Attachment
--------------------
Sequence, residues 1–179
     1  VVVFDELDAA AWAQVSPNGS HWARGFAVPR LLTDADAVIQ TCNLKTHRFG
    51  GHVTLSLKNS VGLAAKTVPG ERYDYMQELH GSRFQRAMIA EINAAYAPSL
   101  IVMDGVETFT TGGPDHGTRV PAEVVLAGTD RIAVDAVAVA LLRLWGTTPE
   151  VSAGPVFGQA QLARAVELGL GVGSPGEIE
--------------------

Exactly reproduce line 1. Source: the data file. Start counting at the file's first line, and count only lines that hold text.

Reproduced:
Sequence, residues 1–179